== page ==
I was an active kid. I grew up playing a lot of sports that I adored, but what has stuck with me the most, are the vivid memories I have of my dad taking me to his favorite yoga class, led by a local Swami. I didn't really know what yoga was, but I loved how easy it came to me, how quiet the practice was, and how calm I felt after savasana, or in my kid brain, "glorified nap time." There was a general ease and peace that I didn't have words for at the time, but after years of teaching and studying yoga, I have a much better understanding of what was happening in that room. I was gaining lifelong tools that promoted confidence, self-care, self-inquiry, and a general sense of inner peace.
I often see students come to their mat for the first-time, later in life, due to a suggestion from a medical professional, usually for an injury. It is never too late to pick up your yoga mat, but I often find myself wondering how incredible it would be to be able to share yoga with kids, as a way to instill healthy breathing, movement, and thought patterns for a life of happiness and balance.
Here are the 5 reasons I think all kids should be doing yoga.
- 1. Healthy Breath. Children naturally breathe using their diaphragms. Unfortunately, the stress of adult life shifts us into unhealthy shallow chest breath. Teaching kids the importance of maintaining healthy breath patterns can have a lasting lifelong effect of less stress, healthier bodies, and more alert minds. There is a saying that goes, "Where the mind goes, energy flows." When we are breathing with ease, our bodies naturally relax.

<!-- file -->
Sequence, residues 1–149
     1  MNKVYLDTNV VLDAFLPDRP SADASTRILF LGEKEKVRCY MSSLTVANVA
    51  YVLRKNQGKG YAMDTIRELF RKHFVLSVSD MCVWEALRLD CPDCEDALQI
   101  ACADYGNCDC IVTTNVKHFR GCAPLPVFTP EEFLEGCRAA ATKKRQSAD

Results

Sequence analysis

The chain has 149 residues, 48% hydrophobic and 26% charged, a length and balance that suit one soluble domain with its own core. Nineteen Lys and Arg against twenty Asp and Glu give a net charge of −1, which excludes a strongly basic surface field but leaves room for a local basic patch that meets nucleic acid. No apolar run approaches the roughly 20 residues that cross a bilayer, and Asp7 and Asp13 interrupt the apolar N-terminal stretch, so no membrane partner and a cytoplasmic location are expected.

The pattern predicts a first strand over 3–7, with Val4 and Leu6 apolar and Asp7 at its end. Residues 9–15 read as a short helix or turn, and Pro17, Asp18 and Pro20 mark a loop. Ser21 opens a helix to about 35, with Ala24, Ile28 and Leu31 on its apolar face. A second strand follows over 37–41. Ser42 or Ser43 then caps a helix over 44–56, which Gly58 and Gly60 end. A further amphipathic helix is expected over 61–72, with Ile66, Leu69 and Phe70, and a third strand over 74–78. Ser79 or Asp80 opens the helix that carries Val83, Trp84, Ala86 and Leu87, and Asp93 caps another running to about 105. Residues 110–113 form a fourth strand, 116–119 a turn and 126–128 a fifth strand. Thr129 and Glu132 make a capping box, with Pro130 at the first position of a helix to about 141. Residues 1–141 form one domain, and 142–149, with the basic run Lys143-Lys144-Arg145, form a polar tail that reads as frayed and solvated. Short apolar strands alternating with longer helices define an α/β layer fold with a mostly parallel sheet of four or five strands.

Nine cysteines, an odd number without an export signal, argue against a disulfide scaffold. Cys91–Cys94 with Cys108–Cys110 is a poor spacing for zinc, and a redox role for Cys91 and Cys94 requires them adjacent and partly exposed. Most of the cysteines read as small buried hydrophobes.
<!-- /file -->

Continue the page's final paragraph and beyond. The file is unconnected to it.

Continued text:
- 2. Healthy Body. A body in motion stays in motion. Teaching kids at a young age how important the balance of movement, flexibility, and strength are can have a lasting impact on their lives. One of the things I love most about yoga is that you see people of all ages and backgrounds practicing. This is a sustainable practice that is gentle on the joints and can be adapted for the rest of one's life.
- 3. Connection and Community. One of the original tenets of yoga is "ahimsa," which means "do no harm to yourself or others." Yoga is a nonviolent practice, that gives a child inner resources and tools to lessen stress, but also encourages connecting with others in a positive, nonviolent way. The word "yoga" means "union" and the practice encourages us to see ourselves in others and seek ways to make the world a better place.
- 4. Self-care. Understanding the importance of taking care of oneself at a young age is crucial for a balanced life. One of my former students takes it upon herself to go to her room when she gets stressed out and meditates until her breath normalizes. She's 12 and already has tools to deal with the stressors in her life. When a child has tools to handle his or her daily stressors or frustrations, empowerment and confidence build.
- 5. Inner Resources. Childhood, especially adolescence, can be a time of shifting identities, with a lot of influence from peers. Yoga has taught me so much about myself and has instilled a sense of inner confidence. As a child, yoga gave me the time and space to explore who I am, what I like, where my limitations are, etc. Because of the reflective nature of yoga, kids have the opportunity to turn inward and learn about themselves, creating more confident, self-assured adults in the long run.
Meghan Foley is a 500 hour Advanced Teacher of Therapeutic Yoga, with extensive training in Yoga Therapy, Yin Yoga, Prenatal Yoga and Power Yoga. She loves sharing yoga with kids, particularly teenagers, because she believes this to be a crucial time in children's lives that can be impacted positively with yoga tools.